“We’re revising our forecast right now,” he says. “With an extension to more buyers through the middle of next year, this will be sufficient to get us to a self-sustaining market and stabilizing home prices.”
Housing Stall Continues, But Recovery to Resume
September new residential construction report disappoints, but housing recovery should continue, says Jim Haughey
Jim Haughey, Chief Economist, Reed Construction Data October 20, 2009 HousingZone.com
At 590,000, September housing starts remained at the June-August level, according to today’s U.S. Census Bureau and U.S Department of Housing and Urban Development new residential construction report. At 573,000, September housing permits remained at the June-August level.
This stall in the housing recovery was expected. The initial recovery surge was jump started by federal pump priming in the housing and consumer markets. Without additional federal housing or consumer subsidies, the subsidies can not push housing starts higher. And housing permits and starts will slip lower when the subsidies expire later this year unless there are fundamental improvements in economic conditions. Reed Construction Data still expects enough improvement in income and confidence later to year to offset expiring subsidies and to resume the housing recovery.
Without legislative changes, the $8,000 first-time-home-buyer tax credit expires in six weeks. There may be a burst of October-November homes sales from this program, but the impact on housing starts is now largely over. A variety of state and federal foreclosure moratoriums are now expiring, which will put hundreds of thousands of homes back on the foreclosure track. Also, many of the 100,000-plus homeowners who got federally subsidized mortgage adjustments will fail to keep up payments during the three-month probation period and will soon return to the foreclosure track.
But these negative headwinds will be offset by fundamental improvements in the economic environment in the housing market. The improvements include rising household wealth, consumer confidence, home prices in an increasing number of housing markets and inflation-adjusted income -– all coming from the self-correcting cyclical mechanisms in the economy.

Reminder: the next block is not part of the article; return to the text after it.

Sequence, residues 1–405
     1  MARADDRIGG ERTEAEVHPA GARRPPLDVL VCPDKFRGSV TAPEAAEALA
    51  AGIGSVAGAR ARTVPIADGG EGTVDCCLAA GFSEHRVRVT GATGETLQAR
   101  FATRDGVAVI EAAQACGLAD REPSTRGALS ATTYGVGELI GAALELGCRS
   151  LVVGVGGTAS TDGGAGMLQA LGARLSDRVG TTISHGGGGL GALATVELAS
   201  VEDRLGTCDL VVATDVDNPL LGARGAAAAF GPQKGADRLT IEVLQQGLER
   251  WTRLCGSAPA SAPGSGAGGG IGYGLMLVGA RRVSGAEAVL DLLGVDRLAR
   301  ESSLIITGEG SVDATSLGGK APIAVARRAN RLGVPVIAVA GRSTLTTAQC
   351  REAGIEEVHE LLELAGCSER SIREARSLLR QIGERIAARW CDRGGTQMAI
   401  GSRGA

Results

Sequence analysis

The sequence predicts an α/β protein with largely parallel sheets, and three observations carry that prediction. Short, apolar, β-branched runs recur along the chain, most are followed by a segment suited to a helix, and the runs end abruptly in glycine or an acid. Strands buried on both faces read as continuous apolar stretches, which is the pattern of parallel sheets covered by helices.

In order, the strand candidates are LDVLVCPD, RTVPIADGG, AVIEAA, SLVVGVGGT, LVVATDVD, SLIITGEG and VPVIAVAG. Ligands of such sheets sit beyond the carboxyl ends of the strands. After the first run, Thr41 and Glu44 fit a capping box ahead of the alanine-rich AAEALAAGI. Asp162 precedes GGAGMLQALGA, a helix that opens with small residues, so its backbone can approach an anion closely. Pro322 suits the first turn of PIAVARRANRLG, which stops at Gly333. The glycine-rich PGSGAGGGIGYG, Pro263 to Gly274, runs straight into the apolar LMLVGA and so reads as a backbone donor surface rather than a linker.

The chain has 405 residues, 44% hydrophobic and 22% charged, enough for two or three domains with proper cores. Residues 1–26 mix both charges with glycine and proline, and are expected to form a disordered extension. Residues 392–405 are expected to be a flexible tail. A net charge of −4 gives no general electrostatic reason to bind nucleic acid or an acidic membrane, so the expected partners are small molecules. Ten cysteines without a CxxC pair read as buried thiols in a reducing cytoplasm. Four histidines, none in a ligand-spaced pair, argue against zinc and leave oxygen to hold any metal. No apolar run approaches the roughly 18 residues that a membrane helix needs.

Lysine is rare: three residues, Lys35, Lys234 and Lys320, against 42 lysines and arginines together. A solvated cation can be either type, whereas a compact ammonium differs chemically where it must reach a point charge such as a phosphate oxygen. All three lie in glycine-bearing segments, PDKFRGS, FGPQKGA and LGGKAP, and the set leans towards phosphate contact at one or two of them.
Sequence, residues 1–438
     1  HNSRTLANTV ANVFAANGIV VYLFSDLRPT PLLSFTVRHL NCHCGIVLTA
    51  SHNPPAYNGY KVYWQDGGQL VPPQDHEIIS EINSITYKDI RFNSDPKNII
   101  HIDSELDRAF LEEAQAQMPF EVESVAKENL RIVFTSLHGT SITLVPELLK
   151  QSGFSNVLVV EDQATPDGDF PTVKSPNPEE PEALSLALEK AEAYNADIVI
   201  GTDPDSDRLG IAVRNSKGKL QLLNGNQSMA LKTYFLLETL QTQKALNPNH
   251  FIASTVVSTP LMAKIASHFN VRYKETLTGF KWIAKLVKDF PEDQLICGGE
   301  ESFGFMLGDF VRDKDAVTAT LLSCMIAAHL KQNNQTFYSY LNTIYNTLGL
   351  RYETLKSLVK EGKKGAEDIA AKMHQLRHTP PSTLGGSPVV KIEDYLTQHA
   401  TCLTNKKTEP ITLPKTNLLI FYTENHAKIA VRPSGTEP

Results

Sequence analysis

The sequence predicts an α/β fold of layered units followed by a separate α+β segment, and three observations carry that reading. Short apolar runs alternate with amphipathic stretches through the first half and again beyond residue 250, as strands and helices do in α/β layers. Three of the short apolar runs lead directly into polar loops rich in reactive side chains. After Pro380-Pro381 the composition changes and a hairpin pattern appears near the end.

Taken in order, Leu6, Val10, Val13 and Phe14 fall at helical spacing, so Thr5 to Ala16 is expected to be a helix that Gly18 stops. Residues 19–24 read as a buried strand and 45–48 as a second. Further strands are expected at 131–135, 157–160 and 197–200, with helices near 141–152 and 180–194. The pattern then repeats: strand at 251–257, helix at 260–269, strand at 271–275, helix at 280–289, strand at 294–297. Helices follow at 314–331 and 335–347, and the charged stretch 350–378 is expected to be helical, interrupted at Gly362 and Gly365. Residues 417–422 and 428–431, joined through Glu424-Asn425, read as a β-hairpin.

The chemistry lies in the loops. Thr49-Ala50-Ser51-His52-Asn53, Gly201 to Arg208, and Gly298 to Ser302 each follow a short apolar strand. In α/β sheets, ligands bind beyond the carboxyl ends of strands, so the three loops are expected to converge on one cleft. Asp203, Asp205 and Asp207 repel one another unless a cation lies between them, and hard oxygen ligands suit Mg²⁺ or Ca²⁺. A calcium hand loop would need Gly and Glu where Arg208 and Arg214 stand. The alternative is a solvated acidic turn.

Falling prices, rising exports and double digit annual growth in manufacturing are keeping real income rising slowly even as nominal income continues to decline. The wealth impact on spending will be increasingly significant in the next six months of recovery just as it was when the economy was declining. With a considerable lag, households spent about 5 percent of additions to wealth, once they are perceived to be permanent. Consumers now believe that the recent small rise in home prices and large rises in equities prices are sustainable trends and will boost spending slightly.
The housing recovery will resume in a few months. Single-family housing will be the fastest growing construction market in 2010. But the level of housing starts will remained depressed below the underlying demographic trend for several more years.
TRADING IN TOXINS; The tainted Chinese drywall scourge has spotlighted flaws in the U.S. legal system
TRADING IN TOXINS; The tainted Chinese drywall scourge has spotlighted flaws in the U.S. legal system that leave consumers without protections or recompense
By Rebecca Mowbray, Business writer Housingzone.com
fter making the painful discovery that many of the homes his company built on the north shore after Hurricane Katrina were filled with tainted Chinese drywall, Sunrise Homes President Larry Kornman decided to try building houses entirely out of North American products.
With his company’s reputation damaged and customers worried about both their health and their home values in the face of an uphill battle to be compensated for their losses, the move seemed to be the best way to protect everyone involved.